Howard Dean, the new chairman of the Democratic National Committee, and Sen. Hillary Clinton (D.-NY) jointly hold the dubious distinction of being the only major public figures with less credibility than Mahmoud Abbas.
Abbas, the recently elected successor to the late Yassir Arafat, alternately advocates peace and brotherhood with Israel, along with its total annihilation, depending on the particular audience he happens to be addressing. Likewise, both Dean and Clinton are on record as being not only the sworn enemies of conservatism, but also its truest of champions.
Although they disagree on specific tactics in their respective quests for power, and they undoubtedly hold contrasting views as to who should be running the Democrat Party (and ultimately, the country), they are nevertheless inseparably bonded by a devotion to the philosophies of liberalism. It is a mistake to believe the commonly proffered notion that their relationship is purely adversarial.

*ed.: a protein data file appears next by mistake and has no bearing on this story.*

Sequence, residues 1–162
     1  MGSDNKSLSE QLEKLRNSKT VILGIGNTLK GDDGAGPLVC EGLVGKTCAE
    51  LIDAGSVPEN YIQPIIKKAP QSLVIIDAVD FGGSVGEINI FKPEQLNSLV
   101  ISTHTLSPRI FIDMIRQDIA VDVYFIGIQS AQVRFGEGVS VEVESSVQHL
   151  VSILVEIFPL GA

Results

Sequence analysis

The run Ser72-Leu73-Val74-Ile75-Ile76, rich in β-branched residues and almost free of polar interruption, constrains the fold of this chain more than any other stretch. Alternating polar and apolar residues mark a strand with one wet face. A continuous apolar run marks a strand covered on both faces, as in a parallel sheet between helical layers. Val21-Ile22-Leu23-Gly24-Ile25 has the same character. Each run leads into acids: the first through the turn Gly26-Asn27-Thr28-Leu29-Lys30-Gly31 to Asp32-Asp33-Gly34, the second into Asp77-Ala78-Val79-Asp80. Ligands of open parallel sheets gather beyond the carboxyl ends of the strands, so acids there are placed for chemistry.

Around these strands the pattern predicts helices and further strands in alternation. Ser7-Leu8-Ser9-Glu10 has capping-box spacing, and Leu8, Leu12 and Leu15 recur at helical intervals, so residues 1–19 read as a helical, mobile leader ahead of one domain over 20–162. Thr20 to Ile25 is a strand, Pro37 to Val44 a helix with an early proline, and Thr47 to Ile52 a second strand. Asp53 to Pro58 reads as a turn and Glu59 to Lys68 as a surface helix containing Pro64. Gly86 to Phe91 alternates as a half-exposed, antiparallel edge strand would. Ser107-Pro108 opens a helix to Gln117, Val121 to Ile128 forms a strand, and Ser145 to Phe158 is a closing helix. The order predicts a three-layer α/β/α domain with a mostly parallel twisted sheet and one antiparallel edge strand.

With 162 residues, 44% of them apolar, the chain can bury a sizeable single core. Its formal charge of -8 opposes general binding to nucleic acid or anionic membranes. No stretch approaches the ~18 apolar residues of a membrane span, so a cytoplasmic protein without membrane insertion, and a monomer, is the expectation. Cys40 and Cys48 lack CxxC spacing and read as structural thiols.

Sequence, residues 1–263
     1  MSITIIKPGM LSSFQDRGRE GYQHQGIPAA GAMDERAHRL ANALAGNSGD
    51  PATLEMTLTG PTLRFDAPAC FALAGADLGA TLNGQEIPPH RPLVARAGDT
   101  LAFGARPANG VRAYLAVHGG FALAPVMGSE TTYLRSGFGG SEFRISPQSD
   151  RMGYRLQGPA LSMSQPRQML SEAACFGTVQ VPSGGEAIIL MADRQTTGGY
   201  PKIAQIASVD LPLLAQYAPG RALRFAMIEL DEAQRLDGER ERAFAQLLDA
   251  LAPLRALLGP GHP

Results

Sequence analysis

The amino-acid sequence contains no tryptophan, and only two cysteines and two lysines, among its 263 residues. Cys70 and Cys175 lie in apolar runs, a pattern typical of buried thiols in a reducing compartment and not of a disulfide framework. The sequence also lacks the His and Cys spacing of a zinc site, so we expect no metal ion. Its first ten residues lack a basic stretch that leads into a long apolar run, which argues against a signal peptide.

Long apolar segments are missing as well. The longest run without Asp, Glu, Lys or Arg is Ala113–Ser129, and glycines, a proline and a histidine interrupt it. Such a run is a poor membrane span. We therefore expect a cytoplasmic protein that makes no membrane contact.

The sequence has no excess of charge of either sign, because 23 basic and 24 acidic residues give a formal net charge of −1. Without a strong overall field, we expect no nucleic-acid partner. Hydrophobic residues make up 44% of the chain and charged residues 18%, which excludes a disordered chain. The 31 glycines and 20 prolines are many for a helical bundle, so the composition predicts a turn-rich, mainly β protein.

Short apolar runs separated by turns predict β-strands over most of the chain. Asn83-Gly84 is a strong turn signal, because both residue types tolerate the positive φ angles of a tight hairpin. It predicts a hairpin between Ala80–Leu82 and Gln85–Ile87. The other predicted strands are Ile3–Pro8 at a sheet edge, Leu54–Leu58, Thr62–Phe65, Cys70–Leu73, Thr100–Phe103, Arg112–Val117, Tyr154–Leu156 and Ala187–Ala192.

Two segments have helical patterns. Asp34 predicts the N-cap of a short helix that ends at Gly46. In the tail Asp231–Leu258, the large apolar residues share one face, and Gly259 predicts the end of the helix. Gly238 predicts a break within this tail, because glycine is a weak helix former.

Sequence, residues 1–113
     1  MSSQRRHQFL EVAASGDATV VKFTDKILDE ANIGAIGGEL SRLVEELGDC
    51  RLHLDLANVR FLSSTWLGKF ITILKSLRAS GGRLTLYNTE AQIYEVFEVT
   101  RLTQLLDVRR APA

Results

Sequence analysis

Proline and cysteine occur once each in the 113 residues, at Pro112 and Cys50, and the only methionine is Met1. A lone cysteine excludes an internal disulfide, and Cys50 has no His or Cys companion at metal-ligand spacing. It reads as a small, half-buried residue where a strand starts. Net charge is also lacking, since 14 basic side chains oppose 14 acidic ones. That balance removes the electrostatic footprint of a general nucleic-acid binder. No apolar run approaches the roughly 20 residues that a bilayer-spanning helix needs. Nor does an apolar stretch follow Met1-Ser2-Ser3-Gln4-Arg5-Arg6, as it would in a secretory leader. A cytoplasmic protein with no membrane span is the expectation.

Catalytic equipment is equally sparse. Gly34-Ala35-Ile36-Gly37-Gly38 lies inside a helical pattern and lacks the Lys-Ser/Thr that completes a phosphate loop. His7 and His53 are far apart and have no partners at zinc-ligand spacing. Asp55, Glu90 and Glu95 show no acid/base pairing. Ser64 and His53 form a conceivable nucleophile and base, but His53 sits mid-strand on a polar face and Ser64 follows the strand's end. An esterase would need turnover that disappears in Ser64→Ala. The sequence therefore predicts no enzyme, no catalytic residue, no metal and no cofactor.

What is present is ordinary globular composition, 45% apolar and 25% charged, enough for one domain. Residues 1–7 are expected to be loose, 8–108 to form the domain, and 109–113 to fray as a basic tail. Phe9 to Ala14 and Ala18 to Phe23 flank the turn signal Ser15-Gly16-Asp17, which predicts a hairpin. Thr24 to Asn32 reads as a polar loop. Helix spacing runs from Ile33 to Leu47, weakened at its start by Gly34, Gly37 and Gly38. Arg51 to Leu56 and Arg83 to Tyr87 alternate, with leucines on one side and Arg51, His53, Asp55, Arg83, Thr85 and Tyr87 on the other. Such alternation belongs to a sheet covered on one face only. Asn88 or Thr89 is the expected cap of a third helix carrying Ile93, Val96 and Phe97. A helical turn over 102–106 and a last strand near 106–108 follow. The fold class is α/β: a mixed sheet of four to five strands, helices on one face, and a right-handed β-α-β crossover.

Furthermore, each has attempted a major “makeover” during recent months, and each expects to benefit from the eager assistance of the mainstream media, where their inconsistencies will no doubt continue to be hidden from public scrutiny. Such jaded coverage would only be consistent with past media behavior.
Consider that, during the eight years of Bill Clinton